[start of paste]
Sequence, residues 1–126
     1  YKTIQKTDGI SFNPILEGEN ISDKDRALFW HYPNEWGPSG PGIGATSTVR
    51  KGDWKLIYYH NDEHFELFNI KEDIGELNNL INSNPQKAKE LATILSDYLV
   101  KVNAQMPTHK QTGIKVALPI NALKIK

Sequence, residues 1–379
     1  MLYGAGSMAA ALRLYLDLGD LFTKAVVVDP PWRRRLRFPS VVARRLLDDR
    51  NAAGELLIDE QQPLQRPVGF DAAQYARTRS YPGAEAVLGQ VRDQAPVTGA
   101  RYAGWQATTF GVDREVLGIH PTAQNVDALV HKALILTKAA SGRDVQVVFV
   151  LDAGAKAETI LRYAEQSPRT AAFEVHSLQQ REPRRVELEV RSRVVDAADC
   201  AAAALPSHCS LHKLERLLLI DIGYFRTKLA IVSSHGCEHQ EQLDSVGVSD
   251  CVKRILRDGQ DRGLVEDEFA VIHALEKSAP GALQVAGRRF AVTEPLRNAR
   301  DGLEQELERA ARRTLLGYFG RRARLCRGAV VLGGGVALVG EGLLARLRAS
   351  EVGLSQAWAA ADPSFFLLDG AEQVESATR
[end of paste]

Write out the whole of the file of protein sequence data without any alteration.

Sequence, residues 1–126
     1  YKTIQKTDGI SFNPILEGEN ISDKDRALFW HYPNEWGPSG PGIGATSTVR
    51  KGDWKLIYYH NDEHFELFNI KEDIGELNNL INSNPQKAKE LATILSDYLV
   101  KVNAQMPTHK QTGIKVALPI NALKIK

Sequence, residues 1–379
     1  MLYGAGSMAA ALRLYLDLGD LFTKAVVVDP PWRRRLRFPS VVARRLLDDR
    51  NAAGELLIDE QQPLQRPVGF DAAQYARTRS YPGAEAVLGQ VRDQAPVTGA
   101  RYAGWQATTF GVDREVLGIH PTAQNVDALV HKALILTKAA SGRDVQVVFV
   151  LDAGAKAETI LRYAEQSPRT AAFEVHSLQQ REPRRVELEV RSRVVDAADC
   201  AAAALPSHCS LHKLERLLLI DIGYFRTKLA IVSSHGCEHQ EQLDSVGVSD
   251  CVKRILRDGQ DRGLVEDEFA VIHALEKSAP GALQVAGRRF AVTEPLRNAR
   301  DGLEQELERA ARRTLLGYFG RRARLCRGAV VLGGGVALVG EGLLARLRAS
   351  EVGLSQAWAA ADPSFFLLDG AEQVESATR